Arendt tells us that although Marx had the intention to overcome ideal theorising he never fully did so. The Platonic remainders in his thinking got him entangled into contradictions.
Marx brought back the Athenian ideal of a society, one where there is no state authority and no need for labour. His ideal is only different from the Athenian in that he wants a classless society (no one should be required to labour), whereas the Athenian ideal of a society was merely achievable for the upper class (slave did all the labour).
“Viel erstaunlicher…” (p.12)
Arendt points out that the contradiction in Marx’ thinking is due to his rejection of state authority. By rejecting state authority, he rejects politics altogether. What remains is effective administration (bureaucracy).
“Die abendländische…” (p. 9)
Arendt dates the beginning of political theory to Plato and its end to Marx. While Plato argued that all truths are to be found in the world of ideas, Marx thought, to the contrary, that truth is only be found in the world of human interaction.
“Jede echte politische…” (p. 9f.)
Moreover, Arendt contends that every “genuine” political philosophy develops from the developing philosopher’s stance towards politics. There was no “genuine” political philosophy in the beginning. Philosophers like Plato found the norms that should dictate politics in the world of ideas (philosophy). It was not until Marx that this way of theorising politics changed: he developed his political theory from the sphere of human interaction thereby turning his back towards philosophy.
“Political philosophy” became “political theory” once the “philosophers” who developed it lost their antagonism towards politics. It is in this sense that Arendt does not want to be seen as a political philosopher but instead a political theorist (see also her interview with Günter Gaus: https://www.youtube.com/watch?v=dsoImQfVsO4 [2:40])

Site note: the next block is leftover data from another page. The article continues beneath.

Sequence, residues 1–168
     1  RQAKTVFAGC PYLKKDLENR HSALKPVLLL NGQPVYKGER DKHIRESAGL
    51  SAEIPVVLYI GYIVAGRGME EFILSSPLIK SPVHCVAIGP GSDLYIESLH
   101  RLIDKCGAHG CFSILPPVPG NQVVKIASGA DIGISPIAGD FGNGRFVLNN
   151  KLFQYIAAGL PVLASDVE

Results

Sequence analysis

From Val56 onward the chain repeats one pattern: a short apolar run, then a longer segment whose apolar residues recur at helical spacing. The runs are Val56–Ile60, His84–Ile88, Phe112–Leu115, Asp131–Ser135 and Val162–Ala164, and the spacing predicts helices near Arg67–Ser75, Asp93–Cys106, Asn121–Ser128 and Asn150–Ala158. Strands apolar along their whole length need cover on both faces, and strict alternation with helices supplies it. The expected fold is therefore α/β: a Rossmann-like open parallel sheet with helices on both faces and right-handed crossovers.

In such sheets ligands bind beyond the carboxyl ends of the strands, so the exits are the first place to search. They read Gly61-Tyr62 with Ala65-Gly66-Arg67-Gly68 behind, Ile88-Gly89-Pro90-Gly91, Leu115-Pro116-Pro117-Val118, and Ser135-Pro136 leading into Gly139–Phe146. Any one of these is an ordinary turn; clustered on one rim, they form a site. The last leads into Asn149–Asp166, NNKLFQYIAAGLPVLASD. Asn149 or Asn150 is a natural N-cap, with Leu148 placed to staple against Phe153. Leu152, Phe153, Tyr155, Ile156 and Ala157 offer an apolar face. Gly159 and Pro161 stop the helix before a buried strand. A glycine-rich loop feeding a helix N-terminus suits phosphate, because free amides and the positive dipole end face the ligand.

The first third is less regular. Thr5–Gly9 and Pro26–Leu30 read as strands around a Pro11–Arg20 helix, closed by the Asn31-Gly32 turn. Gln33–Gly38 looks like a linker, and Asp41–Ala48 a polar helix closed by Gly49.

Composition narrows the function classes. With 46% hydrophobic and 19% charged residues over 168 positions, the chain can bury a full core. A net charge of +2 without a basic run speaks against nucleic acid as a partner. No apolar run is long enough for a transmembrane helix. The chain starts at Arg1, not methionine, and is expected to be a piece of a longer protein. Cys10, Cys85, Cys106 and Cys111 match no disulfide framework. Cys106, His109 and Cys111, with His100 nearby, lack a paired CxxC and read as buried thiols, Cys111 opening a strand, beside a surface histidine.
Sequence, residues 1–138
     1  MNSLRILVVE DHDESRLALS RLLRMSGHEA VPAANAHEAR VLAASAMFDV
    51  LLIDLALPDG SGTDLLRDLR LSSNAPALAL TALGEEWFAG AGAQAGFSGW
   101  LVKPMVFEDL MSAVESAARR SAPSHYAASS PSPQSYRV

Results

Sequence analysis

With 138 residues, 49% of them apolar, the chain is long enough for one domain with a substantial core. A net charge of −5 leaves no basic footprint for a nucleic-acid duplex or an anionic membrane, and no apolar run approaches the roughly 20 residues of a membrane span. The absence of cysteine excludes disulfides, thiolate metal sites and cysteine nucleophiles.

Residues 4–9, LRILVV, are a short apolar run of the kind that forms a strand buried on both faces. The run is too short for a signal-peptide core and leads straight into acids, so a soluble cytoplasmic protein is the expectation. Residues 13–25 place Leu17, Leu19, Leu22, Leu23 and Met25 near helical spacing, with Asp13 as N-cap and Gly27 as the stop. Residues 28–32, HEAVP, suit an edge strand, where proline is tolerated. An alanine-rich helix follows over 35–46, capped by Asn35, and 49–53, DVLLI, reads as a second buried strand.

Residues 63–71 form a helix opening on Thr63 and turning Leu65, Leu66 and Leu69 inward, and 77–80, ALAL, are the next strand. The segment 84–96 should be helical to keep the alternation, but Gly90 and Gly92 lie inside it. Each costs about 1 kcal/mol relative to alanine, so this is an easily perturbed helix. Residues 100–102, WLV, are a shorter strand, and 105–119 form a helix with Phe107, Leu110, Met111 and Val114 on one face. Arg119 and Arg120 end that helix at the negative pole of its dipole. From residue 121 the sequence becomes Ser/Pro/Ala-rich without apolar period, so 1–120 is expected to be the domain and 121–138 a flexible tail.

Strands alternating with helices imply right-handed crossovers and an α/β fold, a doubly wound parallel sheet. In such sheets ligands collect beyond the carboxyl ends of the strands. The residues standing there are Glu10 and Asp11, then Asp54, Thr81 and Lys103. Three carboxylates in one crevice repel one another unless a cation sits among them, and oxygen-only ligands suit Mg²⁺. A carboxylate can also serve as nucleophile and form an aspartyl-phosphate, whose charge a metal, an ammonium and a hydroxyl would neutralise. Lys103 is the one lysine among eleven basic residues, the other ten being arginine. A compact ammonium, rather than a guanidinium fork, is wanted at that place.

Chapter III: 2) The Transformation of Medieval Wars (Crusades or Feuds) into Non-Discriminatory State Wars: From Ayala to Vattel
Schmitt discusses in reference to Ayala, Gentili, Grotius, Zouch, Pufendorf, Bynkershoek, and Vattel how medieval wars of annihilation transformed and the concept of “justa causa” transformed into “pure” state wars between equal sovereign European states based on the concept of “justus hostis”.
G. Kant’s Unjust Enemy
Schmitt points out that Kant who finalized 18th century philosophy shows two different faces. On the one hand, he argues that states are moral persons with equal rights in the state of nature (everyone having an equal right to war) and, on the other hand, he contends that there can be an unjust enemy. It was this turn towards the concept of an unjust enemy that dominated the 20th century. Following his categorical imperative, Kant defines an unjust enemy as one that follows a maxim which, if it would be a universal law, would make peace impossible. It seems to follow that preemptive war against the unjust enemy is justified then. Schmitt, however, criticizes this conclusion and Kant’s general concepts. He asks rhetorically whether we can really decide who is just and unjust, and who should decide. (140-143, 168-171)
Moreover, Schmitt also emphasizes that Kant’s concept of the unjust enemy was different from Vitoria’s theory of a just war. Kant, other than Vitoria, did not argue that a just cause gave one a title to the land of the unjust enemy. This would have been an injustice towards the people who live on the land and must never lose their right to association. The only thing the victorious state which fought with a just cause can enforce on the defeated people is a new constitution that makes it less likely for them to begin another war in the future (142, 170).